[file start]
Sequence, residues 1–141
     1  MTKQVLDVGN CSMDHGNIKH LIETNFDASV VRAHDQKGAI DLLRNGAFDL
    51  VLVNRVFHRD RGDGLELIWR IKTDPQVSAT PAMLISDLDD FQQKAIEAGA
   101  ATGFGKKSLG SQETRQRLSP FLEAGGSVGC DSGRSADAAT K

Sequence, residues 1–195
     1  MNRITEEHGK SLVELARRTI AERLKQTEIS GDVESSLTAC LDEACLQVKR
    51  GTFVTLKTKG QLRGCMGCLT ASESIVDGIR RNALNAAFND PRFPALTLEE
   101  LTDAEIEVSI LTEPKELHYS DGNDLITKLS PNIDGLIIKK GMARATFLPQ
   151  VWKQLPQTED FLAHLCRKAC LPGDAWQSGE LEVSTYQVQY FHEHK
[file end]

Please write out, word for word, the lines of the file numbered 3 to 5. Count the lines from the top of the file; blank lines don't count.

    51  VLVNRVFHRD RGDGLELIWR IKTDPQVSAT PAMLISDLDD FQQKAIEAGA
   101  ATGFGKKSLG SQETRQRLSP FLEAGGSVGC DSGRSADAAT K

Sequence, residues 1–195